Creating Change: Lessons, Skills, and Advice


Lessons and skills

  • As an activist, you must have the press on your side to report from a positive point-of-view. Mary Lou made strong connections with the press, believing it was important to keep the public informed.
  • Use email networking effectively. Mary Lou instigated sending emails on relevant women's issues to the interested public every two weeks.
  • Good communications are crucial. One example Mary Lou gave was the Report Card on the Status of Women in New Brunswick. It was a report rather than a condemnation, with the relevant departments of government, Cabinet ministers and staff, involved in discussion of the issues.
  • It is important to adopt a cooperative and inclusive approach rather than a confrontational one even while understanding that government may not act on an issue that needs improvement.
  • You must surround yourself with good people—this can make or break an organization.
  • Grapple with the tensions you encounter. For Mary Lou while working with LEAF, the biggest lesson was how to call yourself a feminist and still be responsible to the organization's financial and policy dictates.
  • Remember that those you are trying to educate may put their own interests before the principles of fairness or equity.
  • Each new organization requires fresh learning and revelations.
  • Learn what it means to be a good board member and to assume positions such as chair, and how to operate effectively on committees. Understand mission, policies, practices, procedures; financial responsibilities—and the politics involved.
  • All volunteer boards should run skill development sessions for board members. Having the mission statement available at every meeting and reviewing actions in terms of this statement is one way to ensure consistent recognition of founding principles.
  • There is a different set of skills for every situation you're involved in, for instance one for female researchers, another for dealing with politicians both male and female; another for chairing a board (volunteer or not).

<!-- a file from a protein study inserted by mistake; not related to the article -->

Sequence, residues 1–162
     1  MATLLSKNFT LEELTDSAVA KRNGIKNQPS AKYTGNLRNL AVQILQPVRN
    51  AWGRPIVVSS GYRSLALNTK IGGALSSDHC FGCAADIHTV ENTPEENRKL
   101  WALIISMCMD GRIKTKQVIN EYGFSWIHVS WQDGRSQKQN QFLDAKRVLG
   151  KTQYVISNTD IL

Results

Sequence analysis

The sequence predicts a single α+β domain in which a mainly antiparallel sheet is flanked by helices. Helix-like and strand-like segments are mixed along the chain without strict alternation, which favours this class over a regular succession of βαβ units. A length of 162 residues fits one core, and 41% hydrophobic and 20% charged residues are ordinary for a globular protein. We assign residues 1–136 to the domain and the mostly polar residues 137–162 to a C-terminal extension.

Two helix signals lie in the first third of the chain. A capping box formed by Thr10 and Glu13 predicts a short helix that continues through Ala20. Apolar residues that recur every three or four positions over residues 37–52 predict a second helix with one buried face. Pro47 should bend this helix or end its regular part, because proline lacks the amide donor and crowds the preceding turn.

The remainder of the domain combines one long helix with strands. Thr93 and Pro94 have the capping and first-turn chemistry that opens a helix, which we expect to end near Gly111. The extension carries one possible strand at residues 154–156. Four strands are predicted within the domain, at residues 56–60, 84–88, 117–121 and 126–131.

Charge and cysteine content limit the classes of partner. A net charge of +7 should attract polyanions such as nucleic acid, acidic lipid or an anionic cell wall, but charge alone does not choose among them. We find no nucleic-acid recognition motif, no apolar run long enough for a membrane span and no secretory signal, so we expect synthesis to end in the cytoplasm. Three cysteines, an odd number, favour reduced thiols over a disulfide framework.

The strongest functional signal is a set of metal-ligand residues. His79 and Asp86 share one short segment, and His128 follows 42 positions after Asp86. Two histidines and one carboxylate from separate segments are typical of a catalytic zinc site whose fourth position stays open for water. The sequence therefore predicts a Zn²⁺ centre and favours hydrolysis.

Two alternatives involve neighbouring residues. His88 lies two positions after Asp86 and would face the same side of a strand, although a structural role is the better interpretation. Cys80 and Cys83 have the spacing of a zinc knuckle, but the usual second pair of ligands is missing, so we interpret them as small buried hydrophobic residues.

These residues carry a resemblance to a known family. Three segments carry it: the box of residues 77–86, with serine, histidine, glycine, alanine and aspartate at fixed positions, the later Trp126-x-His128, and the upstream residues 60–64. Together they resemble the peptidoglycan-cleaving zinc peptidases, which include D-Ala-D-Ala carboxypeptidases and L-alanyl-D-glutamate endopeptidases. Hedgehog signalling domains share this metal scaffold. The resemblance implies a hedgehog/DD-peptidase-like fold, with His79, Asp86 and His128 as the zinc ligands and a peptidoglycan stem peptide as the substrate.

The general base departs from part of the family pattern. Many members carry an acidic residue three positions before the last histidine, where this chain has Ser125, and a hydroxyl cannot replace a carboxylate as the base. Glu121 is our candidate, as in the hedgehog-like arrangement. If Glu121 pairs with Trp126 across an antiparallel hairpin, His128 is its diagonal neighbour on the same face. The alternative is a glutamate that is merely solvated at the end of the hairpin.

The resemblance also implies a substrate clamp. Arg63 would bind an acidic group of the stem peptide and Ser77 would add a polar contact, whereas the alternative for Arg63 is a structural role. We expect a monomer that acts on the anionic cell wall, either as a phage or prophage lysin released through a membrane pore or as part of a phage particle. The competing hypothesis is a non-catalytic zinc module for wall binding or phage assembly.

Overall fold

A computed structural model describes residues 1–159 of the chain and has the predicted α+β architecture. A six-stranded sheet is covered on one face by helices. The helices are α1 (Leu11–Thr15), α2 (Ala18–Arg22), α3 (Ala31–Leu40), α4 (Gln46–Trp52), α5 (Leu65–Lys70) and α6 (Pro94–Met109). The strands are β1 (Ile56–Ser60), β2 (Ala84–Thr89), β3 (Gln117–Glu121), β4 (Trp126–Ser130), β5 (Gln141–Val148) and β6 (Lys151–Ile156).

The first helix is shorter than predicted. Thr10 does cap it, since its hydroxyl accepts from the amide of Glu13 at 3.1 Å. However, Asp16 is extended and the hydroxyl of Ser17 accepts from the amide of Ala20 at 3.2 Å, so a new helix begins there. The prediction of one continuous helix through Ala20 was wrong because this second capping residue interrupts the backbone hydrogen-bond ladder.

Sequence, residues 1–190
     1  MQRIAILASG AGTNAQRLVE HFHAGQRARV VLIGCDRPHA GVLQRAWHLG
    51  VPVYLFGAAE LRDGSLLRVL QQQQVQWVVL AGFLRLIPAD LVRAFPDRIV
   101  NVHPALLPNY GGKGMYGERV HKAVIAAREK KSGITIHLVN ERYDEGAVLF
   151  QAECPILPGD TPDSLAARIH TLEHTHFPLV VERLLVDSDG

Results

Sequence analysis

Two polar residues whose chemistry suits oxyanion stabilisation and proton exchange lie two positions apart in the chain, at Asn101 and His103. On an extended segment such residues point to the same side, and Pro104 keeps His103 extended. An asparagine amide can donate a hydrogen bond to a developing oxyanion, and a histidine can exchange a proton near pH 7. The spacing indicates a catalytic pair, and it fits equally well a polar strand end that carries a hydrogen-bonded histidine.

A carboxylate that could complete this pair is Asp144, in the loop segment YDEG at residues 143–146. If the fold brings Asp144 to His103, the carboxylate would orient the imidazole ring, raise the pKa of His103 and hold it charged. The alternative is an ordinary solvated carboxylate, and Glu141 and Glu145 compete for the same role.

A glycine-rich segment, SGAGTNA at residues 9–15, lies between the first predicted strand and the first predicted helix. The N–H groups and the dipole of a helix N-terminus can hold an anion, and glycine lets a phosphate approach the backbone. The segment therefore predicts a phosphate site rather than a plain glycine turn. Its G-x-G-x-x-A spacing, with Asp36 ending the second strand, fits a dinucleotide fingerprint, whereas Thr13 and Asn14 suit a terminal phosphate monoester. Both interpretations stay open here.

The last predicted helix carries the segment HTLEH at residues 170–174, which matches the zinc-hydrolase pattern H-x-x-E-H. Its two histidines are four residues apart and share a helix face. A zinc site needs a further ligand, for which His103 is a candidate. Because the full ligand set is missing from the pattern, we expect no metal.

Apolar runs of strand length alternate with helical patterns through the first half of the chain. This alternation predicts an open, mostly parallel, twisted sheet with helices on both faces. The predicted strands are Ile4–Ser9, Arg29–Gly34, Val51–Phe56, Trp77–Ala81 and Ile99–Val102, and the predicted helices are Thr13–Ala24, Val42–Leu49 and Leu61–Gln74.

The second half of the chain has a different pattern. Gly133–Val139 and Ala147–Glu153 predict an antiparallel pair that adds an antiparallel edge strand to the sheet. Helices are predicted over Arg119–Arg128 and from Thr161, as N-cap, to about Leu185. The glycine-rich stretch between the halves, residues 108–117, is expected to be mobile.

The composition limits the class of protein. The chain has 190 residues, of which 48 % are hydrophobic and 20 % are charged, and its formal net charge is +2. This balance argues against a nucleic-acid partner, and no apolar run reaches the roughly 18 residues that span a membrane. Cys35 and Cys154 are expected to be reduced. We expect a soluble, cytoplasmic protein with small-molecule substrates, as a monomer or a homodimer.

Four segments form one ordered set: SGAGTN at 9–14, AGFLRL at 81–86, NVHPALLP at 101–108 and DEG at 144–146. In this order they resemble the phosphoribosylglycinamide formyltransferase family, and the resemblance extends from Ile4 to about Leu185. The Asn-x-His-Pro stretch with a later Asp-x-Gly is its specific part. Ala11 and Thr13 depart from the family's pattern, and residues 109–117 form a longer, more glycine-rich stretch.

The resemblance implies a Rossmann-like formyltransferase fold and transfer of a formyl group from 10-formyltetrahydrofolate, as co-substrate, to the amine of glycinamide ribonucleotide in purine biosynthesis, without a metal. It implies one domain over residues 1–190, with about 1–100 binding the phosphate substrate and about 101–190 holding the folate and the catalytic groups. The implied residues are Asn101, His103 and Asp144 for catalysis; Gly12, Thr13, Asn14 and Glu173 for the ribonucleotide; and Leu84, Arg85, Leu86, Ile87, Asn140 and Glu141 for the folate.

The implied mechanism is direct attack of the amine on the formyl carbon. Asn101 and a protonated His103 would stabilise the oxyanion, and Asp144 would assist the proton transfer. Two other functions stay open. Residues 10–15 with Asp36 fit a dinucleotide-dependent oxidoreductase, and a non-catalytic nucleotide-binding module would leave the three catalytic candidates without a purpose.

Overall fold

• Walk the talk. Bring aspects of fairness into formal conversation and everyday connections.


It's that whole idea that everything in life has a language of its own and to get things done you have to know various languages. There is a specific register for getting something done with politicians, another with volunteers, and I think my experiences helped form that language and switch those registers.

  • Pick a cause for which you have passion—you'll need this energy to sustain you.
  • Networking is crucial: nothing can be accomplished by going it alone. If you act as an individual to oppose a position, you're seen as cantankerous, but if it's done with the support of others, you will be perceived as an advocate.
  • Carefully choose your destination but identify and strategize about the roadblocks along the way.
  • Choose your compatriots carefully; avoid "yes-but" people and others who exude negative energy.
  • Never put yourself in a position of acting as "un-elected opposition."
  • Be flexibly determined!
  • Women are politicians before they go to high school but don't put themselves front and centre. It's women who are running things, as secretaries, those who organize the Home and School, run church organizations, food banks, transition houses, and community health services. These are political positions, so get involved and put yourself forward to assume your leadership role.
  • Choose one particular thing you want to get involved with and talk to older women who've been there. Find an older woman to mentor you—someone who will help get you involved, not to lead you by the hand but to support, educate, and suggest.
  • You must get involved and listen to the nuances around the table to understand the issue fully.
It's a realization of how demanding and exact some tasks have to be in order to get results. You can have these visions, aspirations, and thoughts, but things really have to be done within the parameters of the language.